Addressing the people’s requirements of the firm will come back to reward that firm in many ways. Whether you subscribe to models such as Maslow’s hierarchy of needs (the original five stage model or the expanded version) or not, such models do, as a minimum, tend to give a helpful checklist of topics that every firm should consider and decide on its approach. Yes, basic needs are met by paying people the going rate, establishing an office environment that people want to go to when not on client site, having equal opportunities policies etc., and these are topics to review occasionally. Higher level needs are harder to address and require a culture of continual support. When we get it right, our people feel that they belong, they exude confidence and they choose to go the extra mile for both the client and the firm – this is when the magic happens!

Lifting the timesheet curse!

Most services businesses, from law firms through consultancies to outsourcers, rely on people entering time into timesheets.  At the most basic level, timesheets provide some form of audit trail that work has been done and, not least in Time & Materials projects, they provide data to support a fortnightly or monthly bill to the client.  Most firms have now moved beyond paper or spreadsheet-based timesheets and have either built or bought a simple timesheet system.  So far so good.

Unfortunately, complexity and human nature then enter the fray! Consultants and associates dial into the timesheet system at the end of the week (if you’re lucky!) and input a mixture of reality, the way they remember things and/or the answer that the project manager tells them to enter – filling in the timesheet is a mechanical exercise, a chore!  Project managers use a timesheet approval process to manipulate reality to reflect the time estimates given in the project plan.  Also, there may or may not be a company policy in place about the “professional day” and how timesheet data is used to create client invoices – for example, if the (very!) simple figure below showed an individual’s timesheet for a single week, how many days would you charge the client for Project A?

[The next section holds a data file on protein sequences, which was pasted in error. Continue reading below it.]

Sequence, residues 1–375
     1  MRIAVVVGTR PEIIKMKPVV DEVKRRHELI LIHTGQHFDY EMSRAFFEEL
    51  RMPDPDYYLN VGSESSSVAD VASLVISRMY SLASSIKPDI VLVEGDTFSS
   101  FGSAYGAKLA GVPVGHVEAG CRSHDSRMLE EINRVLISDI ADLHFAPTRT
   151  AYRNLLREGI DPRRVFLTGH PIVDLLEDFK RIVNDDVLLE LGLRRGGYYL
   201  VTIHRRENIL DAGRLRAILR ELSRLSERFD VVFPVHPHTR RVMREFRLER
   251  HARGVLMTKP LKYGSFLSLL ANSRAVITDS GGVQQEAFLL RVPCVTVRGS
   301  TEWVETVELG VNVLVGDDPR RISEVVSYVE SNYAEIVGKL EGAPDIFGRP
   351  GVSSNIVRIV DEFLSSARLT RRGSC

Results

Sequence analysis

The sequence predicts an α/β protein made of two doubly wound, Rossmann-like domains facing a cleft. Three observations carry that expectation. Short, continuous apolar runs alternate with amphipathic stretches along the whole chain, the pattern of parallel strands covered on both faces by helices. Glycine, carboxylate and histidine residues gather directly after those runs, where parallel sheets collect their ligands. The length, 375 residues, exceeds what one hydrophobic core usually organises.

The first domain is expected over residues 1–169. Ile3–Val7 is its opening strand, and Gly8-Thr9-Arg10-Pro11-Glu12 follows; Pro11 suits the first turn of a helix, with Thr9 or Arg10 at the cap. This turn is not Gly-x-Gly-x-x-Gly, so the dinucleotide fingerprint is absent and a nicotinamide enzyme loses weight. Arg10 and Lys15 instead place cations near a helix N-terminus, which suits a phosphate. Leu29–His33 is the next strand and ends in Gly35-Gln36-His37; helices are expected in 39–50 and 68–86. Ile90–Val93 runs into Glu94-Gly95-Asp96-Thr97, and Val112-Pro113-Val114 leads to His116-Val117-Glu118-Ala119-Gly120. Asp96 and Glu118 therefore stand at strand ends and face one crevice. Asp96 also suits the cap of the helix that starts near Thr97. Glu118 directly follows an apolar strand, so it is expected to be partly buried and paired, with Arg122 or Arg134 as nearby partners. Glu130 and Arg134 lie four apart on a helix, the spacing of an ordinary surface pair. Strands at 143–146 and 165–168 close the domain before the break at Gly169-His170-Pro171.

Hours worked Mon Tues Wed Thurs Fri Sat Sun
Project A 8 10 6 11 2 0 2
Business Development 0 0 3 0 2 0 0
Internal/Other 1 0 1 0 5 0 1

Depending on firm policies and client contracts in place, any one of the following (and more!) could well be correct:

–  5 days

–  4.875 days

–  5.2 days

–  4 days.

In passing, we used to have a timesheet code for “Internal/Other” – it took some time before we realised that it was being used as a bucket to enter time into when it wouldn’t fit anywhere else!

What we need is an internal culture whereby people enter their actual hours worked honestly into a timesheet system that is easy to use and clever enough to apply different sets of rules by project depending on company policy and client agreements (e.g. “a day’s a day” or “”a day is a period of eight hours with part days charged pro rata”)…..but that’s just the billing bit!

If the system can also compare actual time entered with what was expected when an assignment was set up, it can then report out variances to client Partners, project managers etc. to allow them to address project issues, identify potential training needs and learn about over/under estimates applied during the sales process.  I’d like it to go further, however, and hold data about resource costs too so that we can understand, without resorting to endless spreadsheet analysis, real gross margin figures and compare them with plan, and highlight the right assignments to be discussed at Partner level…..now it becomes a more powerful and useful business management tool!

When used properly, timesheets contain a wealth of information that can be used to help the Partner team to optimise their business and keep their consultants fresh and ready for the next challenge.

Marketing is about “Being There”

Many Professional Services firms don’t really “get” Marketing – it’s a drain to pour money down which could otherwise go into Partners’ pockets!  IT Services firms tend to “get it” more but the spend can often be focused on things that take up lots of time and budget for little effect.  So what’s the problem?